Wardens work against tide of poverty

The Raglan Māori wardens’ tireless work in the community has been recognised and given a boost with a donation from Raglan Union Church.

Church pastor Doug Stephenson passed over the cheque to the Raglan Māori Warden Charitable Trust on behalf of the church last weekend, saying that the church believed in the work of the wardens and wanted to support that as part of the church’s own community work.

“We are talking about putting our money where our hearts are, and that’s what we’re doing,” Doug says.
“They help anyone who’s in need,” Doug says of the wardens. “I think these people really step up and help.”

Trust chairman John Bishop says the money will go towards the operational costs of the wardens, who also receive funding from sources such as Te Puni Kōkiri, Trust Waikato, WEL Energy, Sky City and the Gallagher Group.

John says about 1000 people come into the wardens’ Bow Street office every month. About a quarter of those are seeking some sort of help, usually because they are short of money.

“It seems to happen all the time. Our people have problems with a lack of money for food, accommodation,” he says. “If we weren’t here, I don’t know what would happen.”
Earlier this month a woman who was staying at the camping ground with her six children came into the wardens’ office, saying she had no food for her family.
“She just drifted in and asked for some food for the kids. She had nothing.”

The wardens phoned the Raglan Foodbank, which is run by Surfside Church, to help. John says even though the food bank was closed that day, they arranged for a large parcel of food to be delivered to the woman.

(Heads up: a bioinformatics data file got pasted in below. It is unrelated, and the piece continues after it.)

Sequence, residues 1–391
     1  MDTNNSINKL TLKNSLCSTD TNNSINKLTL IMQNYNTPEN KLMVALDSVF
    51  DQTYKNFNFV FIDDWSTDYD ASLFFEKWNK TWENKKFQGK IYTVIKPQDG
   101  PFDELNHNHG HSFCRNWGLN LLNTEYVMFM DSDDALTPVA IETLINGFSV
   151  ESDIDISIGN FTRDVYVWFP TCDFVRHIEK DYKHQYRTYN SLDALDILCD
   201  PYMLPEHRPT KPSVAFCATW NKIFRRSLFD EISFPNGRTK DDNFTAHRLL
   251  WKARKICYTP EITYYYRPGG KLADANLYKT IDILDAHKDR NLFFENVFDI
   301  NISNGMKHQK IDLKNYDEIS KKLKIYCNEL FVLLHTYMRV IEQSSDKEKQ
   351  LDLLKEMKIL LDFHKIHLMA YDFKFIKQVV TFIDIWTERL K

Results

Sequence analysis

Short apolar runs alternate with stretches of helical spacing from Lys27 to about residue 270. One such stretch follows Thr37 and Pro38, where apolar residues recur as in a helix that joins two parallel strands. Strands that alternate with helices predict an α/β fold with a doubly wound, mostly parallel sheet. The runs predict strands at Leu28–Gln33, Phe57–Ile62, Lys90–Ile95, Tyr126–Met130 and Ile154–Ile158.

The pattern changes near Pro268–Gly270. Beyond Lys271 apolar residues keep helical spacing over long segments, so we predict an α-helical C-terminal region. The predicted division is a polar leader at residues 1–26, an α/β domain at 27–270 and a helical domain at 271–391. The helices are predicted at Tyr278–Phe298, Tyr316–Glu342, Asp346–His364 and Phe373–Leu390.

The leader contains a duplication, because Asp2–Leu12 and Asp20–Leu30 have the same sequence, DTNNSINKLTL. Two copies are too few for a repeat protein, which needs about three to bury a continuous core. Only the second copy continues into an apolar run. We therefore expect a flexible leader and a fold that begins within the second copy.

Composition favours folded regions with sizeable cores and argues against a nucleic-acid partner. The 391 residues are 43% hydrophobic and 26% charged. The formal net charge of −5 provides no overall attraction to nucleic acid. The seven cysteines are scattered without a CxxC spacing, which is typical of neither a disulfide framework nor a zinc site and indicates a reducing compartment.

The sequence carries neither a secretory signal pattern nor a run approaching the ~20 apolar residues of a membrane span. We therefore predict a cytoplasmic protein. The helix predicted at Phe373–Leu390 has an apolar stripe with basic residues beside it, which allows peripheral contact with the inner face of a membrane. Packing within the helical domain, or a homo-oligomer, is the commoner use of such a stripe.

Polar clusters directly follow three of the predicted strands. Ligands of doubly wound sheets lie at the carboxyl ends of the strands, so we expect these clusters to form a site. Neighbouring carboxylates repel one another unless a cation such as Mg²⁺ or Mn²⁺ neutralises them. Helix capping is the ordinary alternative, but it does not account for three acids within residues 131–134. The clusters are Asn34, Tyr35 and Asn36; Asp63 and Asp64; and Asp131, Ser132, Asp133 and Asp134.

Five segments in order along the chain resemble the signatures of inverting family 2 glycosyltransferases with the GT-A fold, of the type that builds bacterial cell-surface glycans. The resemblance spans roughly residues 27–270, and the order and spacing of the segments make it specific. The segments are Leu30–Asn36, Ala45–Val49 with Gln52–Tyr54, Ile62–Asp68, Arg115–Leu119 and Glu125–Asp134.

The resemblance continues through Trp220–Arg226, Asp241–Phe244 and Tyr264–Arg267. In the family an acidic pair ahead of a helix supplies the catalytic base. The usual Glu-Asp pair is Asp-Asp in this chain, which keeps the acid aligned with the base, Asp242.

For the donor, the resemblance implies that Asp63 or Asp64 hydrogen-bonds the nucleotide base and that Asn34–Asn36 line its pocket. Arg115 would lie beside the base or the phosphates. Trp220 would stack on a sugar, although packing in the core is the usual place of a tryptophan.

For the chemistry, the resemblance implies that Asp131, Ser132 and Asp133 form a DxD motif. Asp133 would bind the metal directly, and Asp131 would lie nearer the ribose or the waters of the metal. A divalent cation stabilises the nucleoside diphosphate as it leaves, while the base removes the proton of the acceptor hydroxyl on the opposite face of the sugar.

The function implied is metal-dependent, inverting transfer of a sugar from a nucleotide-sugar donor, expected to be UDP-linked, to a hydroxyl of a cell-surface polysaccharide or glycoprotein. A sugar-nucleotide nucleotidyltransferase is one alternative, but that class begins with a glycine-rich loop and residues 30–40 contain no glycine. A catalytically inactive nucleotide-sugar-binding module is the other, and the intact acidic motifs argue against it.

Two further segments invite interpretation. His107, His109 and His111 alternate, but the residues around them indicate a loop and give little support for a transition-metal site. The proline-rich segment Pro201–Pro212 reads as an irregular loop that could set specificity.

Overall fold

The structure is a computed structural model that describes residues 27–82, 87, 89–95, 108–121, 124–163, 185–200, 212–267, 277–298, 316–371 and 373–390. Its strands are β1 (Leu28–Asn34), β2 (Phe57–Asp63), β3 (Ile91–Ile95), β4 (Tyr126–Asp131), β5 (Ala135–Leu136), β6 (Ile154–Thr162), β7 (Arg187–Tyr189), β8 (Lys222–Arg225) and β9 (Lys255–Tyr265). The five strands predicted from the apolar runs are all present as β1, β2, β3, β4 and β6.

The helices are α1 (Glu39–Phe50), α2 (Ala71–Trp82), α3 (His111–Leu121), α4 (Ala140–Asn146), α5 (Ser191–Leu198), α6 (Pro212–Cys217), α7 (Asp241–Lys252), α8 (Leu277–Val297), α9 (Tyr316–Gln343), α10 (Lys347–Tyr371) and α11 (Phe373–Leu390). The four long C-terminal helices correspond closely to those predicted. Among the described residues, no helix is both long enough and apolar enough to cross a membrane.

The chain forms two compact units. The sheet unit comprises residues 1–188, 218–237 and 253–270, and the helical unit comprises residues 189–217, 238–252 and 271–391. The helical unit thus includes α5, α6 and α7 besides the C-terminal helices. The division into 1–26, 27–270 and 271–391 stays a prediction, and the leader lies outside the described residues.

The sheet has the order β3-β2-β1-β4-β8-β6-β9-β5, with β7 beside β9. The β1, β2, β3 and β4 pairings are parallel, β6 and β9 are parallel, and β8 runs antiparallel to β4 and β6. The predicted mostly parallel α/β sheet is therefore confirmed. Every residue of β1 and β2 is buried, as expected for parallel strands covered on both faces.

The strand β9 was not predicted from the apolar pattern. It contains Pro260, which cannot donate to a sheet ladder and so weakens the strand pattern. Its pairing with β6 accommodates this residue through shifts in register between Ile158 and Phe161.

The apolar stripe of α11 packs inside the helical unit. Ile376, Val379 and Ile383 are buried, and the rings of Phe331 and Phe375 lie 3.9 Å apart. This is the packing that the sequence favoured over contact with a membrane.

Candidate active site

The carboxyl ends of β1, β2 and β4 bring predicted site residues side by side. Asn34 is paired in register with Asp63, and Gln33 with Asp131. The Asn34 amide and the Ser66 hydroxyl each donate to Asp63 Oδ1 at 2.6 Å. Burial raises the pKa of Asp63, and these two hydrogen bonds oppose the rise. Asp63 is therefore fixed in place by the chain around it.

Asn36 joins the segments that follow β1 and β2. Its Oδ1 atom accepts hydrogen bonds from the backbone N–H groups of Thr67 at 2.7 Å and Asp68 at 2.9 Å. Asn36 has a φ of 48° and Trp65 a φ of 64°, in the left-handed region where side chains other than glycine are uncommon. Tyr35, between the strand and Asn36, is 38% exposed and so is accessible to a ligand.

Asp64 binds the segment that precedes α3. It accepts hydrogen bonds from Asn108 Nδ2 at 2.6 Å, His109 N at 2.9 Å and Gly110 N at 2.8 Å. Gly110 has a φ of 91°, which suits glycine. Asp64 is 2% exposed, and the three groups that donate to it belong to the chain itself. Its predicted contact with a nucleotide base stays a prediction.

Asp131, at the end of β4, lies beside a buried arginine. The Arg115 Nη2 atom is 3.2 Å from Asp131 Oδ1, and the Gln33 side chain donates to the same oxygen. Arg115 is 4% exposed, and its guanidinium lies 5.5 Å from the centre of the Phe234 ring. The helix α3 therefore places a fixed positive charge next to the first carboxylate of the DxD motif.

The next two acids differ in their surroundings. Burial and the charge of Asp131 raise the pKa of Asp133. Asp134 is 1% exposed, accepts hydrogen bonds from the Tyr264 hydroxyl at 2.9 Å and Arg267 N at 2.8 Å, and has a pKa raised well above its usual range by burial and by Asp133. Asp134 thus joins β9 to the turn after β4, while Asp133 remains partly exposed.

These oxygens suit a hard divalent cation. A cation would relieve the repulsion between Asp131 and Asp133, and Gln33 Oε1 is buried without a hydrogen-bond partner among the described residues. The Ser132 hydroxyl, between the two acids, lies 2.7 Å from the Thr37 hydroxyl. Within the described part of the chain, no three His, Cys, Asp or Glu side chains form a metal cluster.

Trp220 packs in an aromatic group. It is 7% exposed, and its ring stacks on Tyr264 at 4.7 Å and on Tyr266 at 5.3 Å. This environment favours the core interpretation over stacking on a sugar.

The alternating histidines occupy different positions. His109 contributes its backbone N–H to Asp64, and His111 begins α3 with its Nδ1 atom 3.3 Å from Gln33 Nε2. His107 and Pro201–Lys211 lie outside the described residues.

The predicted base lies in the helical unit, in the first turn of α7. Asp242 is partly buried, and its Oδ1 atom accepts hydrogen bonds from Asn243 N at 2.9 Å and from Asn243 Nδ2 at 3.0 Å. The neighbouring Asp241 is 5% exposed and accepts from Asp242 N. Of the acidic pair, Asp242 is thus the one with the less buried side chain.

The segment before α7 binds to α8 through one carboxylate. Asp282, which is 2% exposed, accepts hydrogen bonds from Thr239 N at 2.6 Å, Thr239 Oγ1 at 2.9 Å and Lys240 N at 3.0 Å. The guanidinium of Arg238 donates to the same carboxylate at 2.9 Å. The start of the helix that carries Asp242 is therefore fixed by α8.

“They do a good job, the food bank,” John says.
But the problem of not having enough money for basic living expenses seems to be getting worse.

“Why is it happening to our people? Now and again we get Europeans coming in asking for help – but not to the same extent – and we help them too.”
“Our Māori are very shy – whakamā. They don’t want to go up to the [Raglan] Community House to ask for help, they come to us.”
The wardens know of a pregnant woman and her husband who cannot afford accommodation in Raglan and are sleeping in their car, while other people have been found sleeping rough in the bush or around town.

John says rental accommodation is hard to find, especially for those who have previously fallen behind with their rent and then are stuck with a bad credit rating with local rental accommodation agents.

So the wardens also try to find housing, temporary or permanent, for these people, who don’t have a couple of thousand dollars for bond and rent in advance to get into a rental property.

Many of the people that the wardens help come from out of town, from places such as Auckland, Te Kauwhata and Hamilton.
“Maybe they’ve lost all hope from where they come from and they come here to try and pick up the pieces,” John suggests. “If that doesn’t happen, we’ve got to patch it up and pick up the pieces.”

Rachel Benn

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